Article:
The Miami Heat beat the Los Angeles Lakers on Wednesday, extending Miami’s win streak to six games, an active NBA best.
The Heat should feel good.
The Heat do feel good.
But there was still a little griping before Miami’s Christmas title with the Lakers, played in Los Angeles.
Truth be told, LeBron James didn’t really want to be here. None of them did. It never made much sense, a viewpoint that Dwyane Wade—among others—made clear to Adam Silver last month, when the commissioner-in-waiting visited the Miami Heat. Silver promised the players that, if they won another championship, they would be home for the next Christmas.
“Great incentive, huh?” James quipped prior to Miami’s mostly uneven but occasionally electric 101-95 win against the Los Angeles Lakers. “Growing up, I thought that was a rule. I don’t know if it was a rule, but I just thought that was like given. I don’t remember ever, besides, I guess, I don’t know if I’ve ever seen M.J. play on the road on Christmas. Maybe in the Garden, maybe.”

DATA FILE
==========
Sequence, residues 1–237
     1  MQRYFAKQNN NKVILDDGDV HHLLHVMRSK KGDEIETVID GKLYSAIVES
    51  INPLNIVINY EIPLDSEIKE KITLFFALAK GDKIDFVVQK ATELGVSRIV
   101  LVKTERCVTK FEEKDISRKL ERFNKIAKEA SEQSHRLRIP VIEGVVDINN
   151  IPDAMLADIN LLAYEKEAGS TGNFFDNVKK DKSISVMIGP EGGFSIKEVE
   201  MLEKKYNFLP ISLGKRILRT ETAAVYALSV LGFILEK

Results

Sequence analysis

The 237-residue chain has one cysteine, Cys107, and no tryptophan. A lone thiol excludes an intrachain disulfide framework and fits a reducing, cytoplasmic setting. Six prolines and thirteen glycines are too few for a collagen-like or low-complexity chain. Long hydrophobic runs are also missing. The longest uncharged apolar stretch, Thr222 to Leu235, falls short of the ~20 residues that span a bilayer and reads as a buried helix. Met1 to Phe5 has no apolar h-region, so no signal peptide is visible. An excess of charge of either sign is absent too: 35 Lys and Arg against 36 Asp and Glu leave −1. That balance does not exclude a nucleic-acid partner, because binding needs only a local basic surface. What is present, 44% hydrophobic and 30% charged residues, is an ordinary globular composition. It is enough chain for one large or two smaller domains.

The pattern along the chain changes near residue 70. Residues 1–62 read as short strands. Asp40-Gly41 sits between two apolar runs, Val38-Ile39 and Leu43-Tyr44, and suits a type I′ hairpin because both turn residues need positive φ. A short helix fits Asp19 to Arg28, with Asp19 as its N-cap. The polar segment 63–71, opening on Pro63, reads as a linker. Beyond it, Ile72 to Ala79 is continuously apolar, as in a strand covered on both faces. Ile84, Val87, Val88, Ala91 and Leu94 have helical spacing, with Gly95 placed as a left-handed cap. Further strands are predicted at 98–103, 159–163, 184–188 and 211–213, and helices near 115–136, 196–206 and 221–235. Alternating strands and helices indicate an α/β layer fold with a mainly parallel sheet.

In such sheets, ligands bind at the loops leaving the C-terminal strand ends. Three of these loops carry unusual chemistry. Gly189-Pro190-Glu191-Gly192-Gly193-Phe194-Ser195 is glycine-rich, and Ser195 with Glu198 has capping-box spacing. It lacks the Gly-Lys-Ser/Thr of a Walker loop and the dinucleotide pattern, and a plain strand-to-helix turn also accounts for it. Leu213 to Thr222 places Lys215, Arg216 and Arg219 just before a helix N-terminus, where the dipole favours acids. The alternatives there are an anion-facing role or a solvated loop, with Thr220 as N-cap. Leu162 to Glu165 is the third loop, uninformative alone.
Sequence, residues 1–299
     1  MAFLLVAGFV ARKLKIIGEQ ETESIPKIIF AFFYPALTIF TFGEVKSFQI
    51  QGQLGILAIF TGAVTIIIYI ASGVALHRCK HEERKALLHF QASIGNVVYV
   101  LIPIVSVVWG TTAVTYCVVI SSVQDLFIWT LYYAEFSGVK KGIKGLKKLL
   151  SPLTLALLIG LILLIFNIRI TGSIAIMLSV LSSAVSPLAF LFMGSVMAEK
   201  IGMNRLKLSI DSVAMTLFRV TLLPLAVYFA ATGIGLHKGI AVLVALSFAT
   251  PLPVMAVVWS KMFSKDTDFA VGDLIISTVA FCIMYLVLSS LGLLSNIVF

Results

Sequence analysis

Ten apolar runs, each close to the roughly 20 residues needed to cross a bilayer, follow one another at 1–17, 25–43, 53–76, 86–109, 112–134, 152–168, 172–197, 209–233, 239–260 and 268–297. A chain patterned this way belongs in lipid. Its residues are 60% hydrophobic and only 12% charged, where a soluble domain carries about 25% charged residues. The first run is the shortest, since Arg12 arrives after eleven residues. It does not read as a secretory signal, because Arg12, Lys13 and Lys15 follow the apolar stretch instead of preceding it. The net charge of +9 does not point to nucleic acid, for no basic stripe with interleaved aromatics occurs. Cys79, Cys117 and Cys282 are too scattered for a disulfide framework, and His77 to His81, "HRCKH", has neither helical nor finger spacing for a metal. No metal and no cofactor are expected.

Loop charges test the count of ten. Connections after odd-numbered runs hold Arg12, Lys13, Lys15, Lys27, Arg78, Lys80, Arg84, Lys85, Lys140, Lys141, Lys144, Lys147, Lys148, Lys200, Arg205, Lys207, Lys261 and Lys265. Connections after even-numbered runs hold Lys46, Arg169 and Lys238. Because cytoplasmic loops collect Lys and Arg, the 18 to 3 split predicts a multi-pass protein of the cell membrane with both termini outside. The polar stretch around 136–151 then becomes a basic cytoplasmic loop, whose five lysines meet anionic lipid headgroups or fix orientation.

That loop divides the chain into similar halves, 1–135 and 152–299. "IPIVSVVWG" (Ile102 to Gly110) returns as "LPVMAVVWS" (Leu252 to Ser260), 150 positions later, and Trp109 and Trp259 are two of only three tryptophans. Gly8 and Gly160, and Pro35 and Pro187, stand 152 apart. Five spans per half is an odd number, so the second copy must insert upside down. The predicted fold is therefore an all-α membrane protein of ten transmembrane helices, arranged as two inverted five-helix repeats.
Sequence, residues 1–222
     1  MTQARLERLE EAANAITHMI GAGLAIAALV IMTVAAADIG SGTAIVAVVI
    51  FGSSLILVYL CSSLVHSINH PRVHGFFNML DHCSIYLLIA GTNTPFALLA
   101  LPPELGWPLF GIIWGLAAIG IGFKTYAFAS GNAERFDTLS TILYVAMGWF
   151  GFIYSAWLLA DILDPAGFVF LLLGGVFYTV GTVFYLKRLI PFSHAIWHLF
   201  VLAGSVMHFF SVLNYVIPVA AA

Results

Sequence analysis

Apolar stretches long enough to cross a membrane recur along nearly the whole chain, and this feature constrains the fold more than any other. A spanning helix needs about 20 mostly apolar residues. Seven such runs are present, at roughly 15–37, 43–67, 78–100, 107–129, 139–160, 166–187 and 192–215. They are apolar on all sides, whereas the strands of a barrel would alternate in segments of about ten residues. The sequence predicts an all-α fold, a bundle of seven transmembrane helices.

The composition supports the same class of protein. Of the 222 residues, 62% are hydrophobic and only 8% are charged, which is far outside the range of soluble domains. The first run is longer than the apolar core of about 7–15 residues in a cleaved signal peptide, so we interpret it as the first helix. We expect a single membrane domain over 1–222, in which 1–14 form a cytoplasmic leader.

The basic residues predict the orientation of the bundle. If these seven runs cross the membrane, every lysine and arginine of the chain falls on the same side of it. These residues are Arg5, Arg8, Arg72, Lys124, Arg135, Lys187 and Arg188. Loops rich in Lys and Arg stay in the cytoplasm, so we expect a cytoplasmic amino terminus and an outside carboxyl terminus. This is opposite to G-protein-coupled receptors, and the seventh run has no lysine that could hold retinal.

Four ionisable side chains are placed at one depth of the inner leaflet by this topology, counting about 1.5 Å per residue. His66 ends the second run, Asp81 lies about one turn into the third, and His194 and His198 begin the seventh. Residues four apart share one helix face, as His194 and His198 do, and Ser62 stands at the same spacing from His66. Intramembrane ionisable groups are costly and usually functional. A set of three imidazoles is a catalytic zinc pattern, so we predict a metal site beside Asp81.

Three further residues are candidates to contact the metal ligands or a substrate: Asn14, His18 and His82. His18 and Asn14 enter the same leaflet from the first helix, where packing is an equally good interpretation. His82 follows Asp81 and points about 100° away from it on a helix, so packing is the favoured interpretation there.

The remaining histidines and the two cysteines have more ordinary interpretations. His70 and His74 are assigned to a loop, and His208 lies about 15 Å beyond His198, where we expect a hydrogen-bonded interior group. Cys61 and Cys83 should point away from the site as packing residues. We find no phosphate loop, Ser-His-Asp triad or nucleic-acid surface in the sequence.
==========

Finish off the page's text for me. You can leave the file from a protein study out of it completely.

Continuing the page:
“I always thought if you win a championship, you kind of get some perks,” James said. “But we’ve been on the road, we’ve definitely been on the road. But it’s alright. Whatever.”
I’d never heard of the defending NBA champion being entitled to a home game on Christmas before reading this, but recent history supports LeBron’s claim.
The previous four defending champions – including LeBron’s Heat in 2012 – played at home on Christmas.
But before that, there was hardly a definitive Christmas schedule for the defending champion.
Since the league began scheduling Christmas games in 1947, defending champions have been more likely to not play at all on Christmas than play at home. Here are the splits:
- Home: 23
- Road: 20
- None: 24
The defending champion usually playing on Christmas is just a recent phenomenon. Between 1978 and 1987, no defending champion played on Christmas. Since then, the splits favor more home games, but hardly definitively:
- Home: 13
- Road: 8
- None: 5
Here’s the Christmas location for every defending champion in league history (click to enlarge):
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Trying to find a way to give LeBron the benefit of the doubt proves difficult. Not even back-to-back defending champs, like the Heat, get a guaranteed home Christmas game.
The 1998 Chicago Bulls – featuring Michael Jordan, whom LeBron cited – had just won back-to-back-to-back titles, and they didn’t even get a Dec. 25 game. In 1995, the Houston Rockets were defending champions, and they had to play on the road, as did the Detroit Pistons in 1990 and Lakers in 1988.
LeBron is correct that defending champions get perks. This just isn’t one of them.